The objective of the IPID is to provide relevant information about the product to allow the customer to take an informed decision The ITS deals with the format of the IPID whereas its content is specified in Article 20 of the IDD that states that the IPID must contain the following information: information about the type of insurance; a summary of the insurance cover, including the main risks insured, the insured sum and, where applicable, the geographical scope and a summary of the excluded risks; the means of payment of premiums and the duration of payments; main exclusions where claims cannot be made; obligations at the start of the contract; obligations during the term of the contract; obligations in the event that a claim is made; the term of the contract, including the start and end dates of the contract and the means of terminating the contract.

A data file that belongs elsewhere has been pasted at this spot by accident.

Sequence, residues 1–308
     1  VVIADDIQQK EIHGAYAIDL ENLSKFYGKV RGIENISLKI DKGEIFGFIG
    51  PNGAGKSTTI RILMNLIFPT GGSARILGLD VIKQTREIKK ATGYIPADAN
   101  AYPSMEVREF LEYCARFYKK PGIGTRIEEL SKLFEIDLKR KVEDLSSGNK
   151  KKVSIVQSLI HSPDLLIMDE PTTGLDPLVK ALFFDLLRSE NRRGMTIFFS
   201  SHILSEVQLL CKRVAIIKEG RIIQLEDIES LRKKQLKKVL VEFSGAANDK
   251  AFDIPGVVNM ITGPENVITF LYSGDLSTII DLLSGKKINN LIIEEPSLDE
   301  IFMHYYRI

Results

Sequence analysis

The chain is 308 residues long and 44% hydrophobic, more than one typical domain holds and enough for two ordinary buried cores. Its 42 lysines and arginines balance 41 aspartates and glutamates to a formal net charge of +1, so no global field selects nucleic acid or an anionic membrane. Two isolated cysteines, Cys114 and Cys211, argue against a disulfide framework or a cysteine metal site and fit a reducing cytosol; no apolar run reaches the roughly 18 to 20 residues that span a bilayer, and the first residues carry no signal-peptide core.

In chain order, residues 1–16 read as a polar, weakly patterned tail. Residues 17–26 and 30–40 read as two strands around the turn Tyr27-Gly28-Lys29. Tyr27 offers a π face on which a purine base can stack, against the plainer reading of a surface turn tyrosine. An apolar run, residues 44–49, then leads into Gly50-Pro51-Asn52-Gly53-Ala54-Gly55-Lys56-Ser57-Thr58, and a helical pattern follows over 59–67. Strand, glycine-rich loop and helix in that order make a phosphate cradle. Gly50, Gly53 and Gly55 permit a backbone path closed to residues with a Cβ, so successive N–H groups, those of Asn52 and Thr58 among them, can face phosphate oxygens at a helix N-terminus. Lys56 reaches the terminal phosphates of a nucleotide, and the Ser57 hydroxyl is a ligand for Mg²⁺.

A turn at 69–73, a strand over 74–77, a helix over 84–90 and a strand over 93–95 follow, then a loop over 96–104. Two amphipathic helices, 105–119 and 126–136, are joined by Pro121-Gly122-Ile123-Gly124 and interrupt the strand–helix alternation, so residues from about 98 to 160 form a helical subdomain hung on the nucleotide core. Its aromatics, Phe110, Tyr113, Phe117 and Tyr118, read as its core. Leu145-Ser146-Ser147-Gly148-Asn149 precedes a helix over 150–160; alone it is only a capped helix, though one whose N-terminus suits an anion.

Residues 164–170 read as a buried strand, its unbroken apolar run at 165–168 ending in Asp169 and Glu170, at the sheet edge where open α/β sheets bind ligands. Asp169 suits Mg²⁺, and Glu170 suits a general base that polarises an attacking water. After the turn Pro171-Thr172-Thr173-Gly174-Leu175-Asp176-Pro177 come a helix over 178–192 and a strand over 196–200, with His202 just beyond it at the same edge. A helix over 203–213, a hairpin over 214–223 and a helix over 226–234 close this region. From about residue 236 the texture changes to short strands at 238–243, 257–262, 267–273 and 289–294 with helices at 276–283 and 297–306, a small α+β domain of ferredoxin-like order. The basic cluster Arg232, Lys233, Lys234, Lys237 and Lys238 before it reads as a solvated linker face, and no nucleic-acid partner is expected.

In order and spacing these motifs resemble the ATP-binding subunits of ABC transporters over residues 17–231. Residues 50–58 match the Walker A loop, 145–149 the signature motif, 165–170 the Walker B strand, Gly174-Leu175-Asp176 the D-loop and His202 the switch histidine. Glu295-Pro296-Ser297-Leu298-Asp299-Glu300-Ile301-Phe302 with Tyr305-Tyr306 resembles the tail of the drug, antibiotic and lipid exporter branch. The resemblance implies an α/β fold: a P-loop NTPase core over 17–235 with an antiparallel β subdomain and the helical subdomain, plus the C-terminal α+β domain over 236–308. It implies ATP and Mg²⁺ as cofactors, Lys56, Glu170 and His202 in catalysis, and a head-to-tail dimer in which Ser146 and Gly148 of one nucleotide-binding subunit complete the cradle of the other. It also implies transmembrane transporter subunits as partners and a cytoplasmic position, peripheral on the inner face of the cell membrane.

With regard to the type of customer covered by the IPID, the IDD only refers to “customers” in general (with large risks being excluded, Article 22). It is interesting to note that in its consultation paper on the IPID ITS, EIOPA states that "Ultimately, it will be down to Member States under IDD to determine which types of "customers" the IPID should be provided to. In reality, however, it is difficult to envisage the benefits of the IPID being provided to commercial customers and EIOPA was asked to carry out "consumer" testing, meaning that retail customers are the more obvious target of this work”. In its response to the EIOPA consultation on the draft ITS, BIPAR totally agreed and supported the EIOPA approach. In this respect, BIPAR encouraged its member associations to contact their national governments to ensure it is clarified at Member State level that the IPID should only apply to consumers (i.e. retail customers and not commercial customers), as suggested by EIOPA.